Re: Getting up in the morning (was: Re: The Quest for the Purpose of Life)

From: Lee Daniel Crocker (
Date: Tue Jan 29 2002 - 10:02:04 MST

>> (LDC) ...purpose requires an entity capable of /desire/ and
>> /free will/; such an entity must be able to form goals that support
>> its desires, and can therefore choose its own purposes.

> (DB) A kidney gets built into a developing phenotype because that
> arrangement of organized cells does a particular job acceptably well
> within a metabolizing entity. It obviously has a *function*, then; and
> it would be perverse to claim that it doesn't have a *purpose*.

I can certainly imagine definitions of "purpose" that would apply to
entities such as a kidney, but then I can also imagine definitions of
"function" that wouldn't apply to them. I think part of the basic
idea of "purpose", at least as I understand the word, implies a
conscious telos, not merely the post-hoc appearance of one. Besides,
there are genuine differences between purposefully designed things
and evolved things; evolved things, for example, do not have neatly
organized and compartmented functions. Sure kidneys remove waste
from blood, but so do livers, and both do other things as well. Name
any chemical in the human body and it is likely to have hundreds of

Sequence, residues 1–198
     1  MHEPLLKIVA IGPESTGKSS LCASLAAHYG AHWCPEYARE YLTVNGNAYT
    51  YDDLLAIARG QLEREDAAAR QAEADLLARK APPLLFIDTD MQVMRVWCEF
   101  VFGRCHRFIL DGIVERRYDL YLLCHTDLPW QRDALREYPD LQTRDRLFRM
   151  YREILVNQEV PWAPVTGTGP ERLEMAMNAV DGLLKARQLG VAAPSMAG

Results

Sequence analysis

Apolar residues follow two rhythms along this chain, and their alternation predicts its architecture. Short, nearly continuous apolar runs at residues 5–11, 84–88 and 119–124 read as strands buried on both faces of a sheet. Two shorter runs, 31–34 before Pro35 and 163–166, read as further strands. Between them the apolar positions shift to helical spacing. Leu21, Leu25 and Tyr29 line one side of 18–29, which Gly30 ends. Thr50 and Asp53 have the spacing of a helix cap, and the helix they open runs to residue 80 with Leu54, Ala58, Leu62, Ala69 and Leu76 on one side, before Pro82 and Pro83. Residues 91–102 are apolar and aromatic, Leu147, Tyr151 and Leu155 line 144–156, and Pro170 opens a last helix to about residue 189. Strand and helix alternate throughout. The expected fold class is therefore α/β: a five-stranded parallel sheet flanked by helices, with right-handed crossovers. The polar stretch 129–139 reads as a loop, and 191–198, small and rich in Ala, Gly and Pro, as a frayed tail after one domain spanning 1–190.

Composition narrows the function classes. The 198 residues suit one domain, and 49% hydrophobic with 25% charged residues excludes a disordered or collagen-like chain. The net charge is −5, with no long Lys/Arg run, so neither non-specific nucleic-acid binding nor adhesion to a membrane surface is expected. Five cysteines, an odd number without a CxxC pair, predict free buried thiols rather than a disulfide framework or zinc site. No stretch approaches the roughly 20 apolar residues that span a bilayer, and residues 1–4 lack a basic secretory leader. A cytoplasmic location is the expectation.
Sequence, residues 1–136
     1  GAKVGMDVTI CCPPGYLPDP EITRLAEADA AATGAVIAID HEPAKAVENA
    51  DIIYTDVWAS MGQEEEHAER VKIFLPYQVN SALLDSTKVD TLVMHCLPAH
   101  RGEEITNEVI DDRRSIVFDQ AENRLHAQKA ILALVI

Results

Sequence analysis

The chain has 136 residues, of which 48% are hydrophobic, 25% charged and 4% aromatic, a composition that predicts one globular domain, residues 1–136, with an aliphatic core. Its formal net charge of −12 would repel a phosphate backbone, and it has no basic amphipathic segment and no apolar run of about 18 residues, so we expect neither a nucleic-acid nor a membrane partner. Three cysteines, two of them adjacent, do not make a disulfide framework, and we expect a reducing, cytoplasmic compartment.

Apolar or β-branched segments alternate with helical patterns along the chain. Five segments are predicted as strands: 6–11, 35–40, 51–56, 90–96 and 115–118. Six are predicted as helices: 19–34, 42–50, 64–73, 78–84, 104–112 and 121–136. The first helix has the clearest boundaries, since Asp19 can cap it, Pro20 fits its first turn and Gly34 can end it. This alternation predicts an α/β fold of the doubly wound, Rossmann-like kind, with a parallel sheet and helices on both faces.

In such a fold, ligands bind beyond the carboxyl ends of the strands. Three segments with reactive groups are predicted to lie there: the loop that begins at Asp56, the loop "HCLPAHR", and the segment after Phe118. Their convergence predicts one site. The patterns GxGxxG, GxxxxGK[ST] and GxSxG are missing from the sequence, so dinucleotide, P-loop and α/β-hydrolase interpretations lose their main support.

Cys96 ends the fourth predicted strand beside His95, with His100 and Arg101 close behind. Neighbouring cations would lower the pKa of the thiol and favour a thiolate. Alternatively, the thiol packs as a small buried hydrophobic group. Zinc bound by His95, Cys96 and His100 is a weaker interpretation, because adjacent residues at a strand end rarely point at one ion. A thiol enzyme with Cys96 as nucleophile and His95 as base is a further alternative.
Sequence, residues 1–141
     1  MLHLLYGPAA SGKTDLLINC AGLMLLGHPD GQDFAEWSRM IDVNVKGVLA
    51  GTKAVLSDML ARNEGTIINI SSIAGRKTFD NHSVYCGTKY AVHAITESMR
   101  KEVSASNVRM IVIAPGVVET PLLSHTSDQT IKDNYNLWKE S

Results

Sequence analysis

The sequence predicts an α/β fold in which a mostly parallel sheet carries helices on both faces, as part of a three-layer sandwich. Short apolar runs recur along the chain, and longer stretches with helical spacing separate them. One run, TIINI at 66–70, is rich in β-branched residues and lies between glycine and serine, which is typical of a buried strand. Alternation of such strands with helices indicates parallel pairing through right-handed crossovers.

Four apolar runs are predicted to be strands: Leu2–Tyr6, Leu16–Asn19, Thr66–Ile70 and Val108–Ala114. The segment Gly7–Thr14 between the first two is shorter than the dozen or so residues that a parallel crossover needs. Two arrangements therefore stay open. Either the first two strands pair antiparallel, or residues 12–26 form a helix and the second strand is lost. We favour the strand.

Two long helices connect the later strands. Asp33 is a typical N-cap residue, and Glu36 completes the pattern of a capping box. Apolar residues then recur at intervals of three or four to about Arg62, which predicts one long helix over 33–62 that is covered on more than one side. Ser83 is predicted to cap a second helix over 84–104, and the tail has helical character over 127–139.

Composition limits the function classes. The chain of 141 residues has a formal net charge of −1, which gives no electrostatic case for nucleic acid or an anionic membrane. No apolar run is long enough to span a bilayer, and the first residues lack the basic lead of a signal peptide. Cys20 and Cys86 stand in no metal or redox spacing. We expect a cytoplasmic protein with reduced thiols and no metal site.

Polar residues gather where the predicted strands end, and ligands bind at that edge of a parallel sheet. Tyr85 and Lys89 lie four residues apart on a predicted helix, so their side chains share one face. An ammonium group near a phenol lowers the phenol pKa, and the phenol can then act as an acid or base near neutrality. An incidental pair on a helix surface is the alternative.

side effects on different systems. Things designed by people don't
work like that; cars don't have a single circulatory system of hoses
that distributes a mix of fuel, lubricants, coolants, and chemicals
that do miscellaneous (and overlapping) functions: they have fuel
lines, and hydraulic lines, and coolant lines. Paley was wrong--
you /can/ tell the difference between a watch and an eye, and know
which had a watchmaker.

In that context, it might be meaningful to say that, for example,
ethylene glycol has the "purpose" of anti-freeze, because it really
doesn't do much else, and it was consciously included specifically
for that purpose by engineers (those engineers filling in the willful
entity argument of the "purpose" predicate). But it makes less sense
to speak of a kidney--or life in general--as having a purpose in that
sense, because it appeared gradually with multiple intermixed functions
that do not follow any intentional design. They may appear to have
some rudimentary design-like features, but upon closer inspection one
can still tell evolved things from truly purposefully designed things;
we are definitely the former.

Lee Daniel Crocker <> <>
"All inventions or works of authorship original to me, herein and past,
are placed irrevocably in the public domain, and may be used or modified
for any purpose, without permission, attribution, or notification."--LDC

This archive was generated by hypermail 2.1.5 : Fri Nov 01 2002 - 13:37:37 MST